This is the final week of the MTBoS blogging initiative!
This week I have been teaching geometric transformations. Every day has had the same start. I had students check their homework by going on Haiku the moment they walk in. Students can check their work at their own pace and have the answers directly on their screen.
When they are finished checking their homework, my students then enter our class code in on PeardDeck . PearDeck creates interactive lectures. I embedded a Desmos Activity into the first part of my lesson for every transformation. As soon as my students log into PearDeck they are taken directly to this activity and are able to start at their own pace.
Today, students were learning dilations. They started working on the Desmos Activity I created that explored dilations using tables. Most of my students finished in about 2o/25 minutes. When they finished, I changed the slide to discuss as a class what they found out about dilations.
Next, students were able to practice dilations on PearDeck together. I gave my students a shapes and the dilation and they drew the dilation on their slide (I let them draw pictures if they finish early). I was then able to overlay all of the drawings to see if any of the students were off, and I could show individual students work as well.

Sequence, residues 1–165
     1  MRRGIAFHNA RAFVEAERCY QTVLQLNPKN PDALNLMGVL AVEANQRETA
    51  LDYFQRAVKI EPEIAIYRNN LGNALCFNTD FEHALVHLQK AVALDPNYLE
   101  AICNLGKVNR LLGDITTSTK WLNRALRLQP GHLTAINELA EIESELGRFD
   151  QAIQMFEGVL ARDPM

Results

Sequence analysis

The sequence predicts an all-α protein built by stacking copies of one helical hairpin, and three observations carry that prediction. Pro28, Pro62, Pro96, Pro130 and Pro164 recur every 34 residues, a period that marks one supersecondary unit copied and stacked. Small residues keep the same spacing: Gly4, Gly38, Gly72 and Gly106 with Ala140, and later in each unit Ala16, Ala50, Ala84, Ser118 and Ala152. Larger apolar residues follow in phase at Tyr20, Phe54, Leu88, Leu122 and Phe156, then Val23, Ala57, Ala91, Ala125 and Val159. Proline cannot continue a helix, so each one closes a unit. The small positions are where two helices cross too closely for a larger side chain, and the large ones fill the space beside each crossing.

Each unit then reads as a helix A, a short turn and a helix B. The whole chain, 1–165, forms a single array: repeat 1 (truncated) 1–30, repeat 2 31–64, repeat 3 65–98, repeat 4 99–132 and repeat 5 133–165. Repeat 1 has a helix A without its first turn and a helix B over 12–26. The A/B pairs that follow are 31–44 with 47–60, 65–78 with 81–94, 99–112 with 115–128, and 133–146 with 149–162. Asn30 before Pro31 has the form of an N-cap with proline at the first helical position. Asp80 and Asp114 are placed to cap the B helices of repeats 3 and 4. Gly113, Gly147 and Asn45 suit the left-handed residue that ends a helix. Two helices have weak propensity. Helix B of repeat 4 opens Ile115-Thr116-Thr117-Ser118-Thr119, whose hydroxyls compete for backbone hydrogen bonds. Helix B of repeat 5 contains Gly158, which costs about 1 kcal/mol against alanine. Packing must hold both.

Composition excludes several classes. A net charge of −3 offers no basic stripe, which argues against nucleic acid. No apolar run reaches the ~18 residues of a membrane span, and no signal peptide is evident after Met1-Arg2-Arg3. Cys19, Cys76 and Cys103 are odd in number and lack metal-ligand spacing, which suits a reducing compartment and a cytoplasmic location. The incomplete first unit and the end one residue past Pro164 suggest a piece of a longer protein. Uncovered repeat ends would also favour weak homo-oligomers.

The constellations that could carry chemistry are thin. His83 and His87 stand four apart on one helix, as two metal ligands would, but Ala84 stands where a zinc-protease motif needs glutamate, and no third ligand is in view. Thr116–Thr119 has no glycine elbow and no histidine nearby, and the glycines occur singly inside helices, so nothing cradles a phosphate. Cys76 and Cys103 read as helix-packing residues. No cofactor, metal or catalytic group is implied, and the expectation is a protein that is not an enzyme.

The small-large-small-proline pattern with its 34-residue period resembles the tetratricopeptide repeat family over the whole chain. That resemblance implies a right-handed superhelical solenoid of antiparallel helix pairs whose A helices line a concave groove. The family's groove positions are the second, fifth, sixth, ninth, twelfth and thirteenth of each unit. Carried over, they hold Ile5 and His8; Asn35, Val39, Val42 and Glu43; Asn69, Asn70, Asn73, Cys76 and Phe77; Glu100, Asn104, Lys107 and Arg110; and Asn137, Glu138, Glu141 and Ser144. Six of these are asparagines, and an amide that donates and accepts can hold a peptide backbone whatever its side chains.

When I PearDeck I usually bring in my Ipad so I can control the presentation from anywhere around the room. I could also see every students’ work on my iPad while they were working. This allowed me to see and fix student mistakes instantly.
We practiced 4 dilations together, then they were taken to another Desmos Activity. This activity is a polygraph game that I created for students to practice describing all of the transformations they learned so far (reflections, translations, dilations). Students played this game for about 10-15 minutes at the end of class. Students LOVE polygraph. I literally had to kick students out of my class because they didn’t want to leave.
Some student comments I heard today were….
“Class is over already? I don’t want to go to my next class!”
“I love this! Can we do this more often?”
“This is so much fun”
I love polygraph because students were talking mathematically, getting excited about math, and I could see all of the questions they were asking eachother. Although I don’t always play polygraph in class, my typical class consist of a PearDeck presentation and depending the lesson, a Desmos Activity.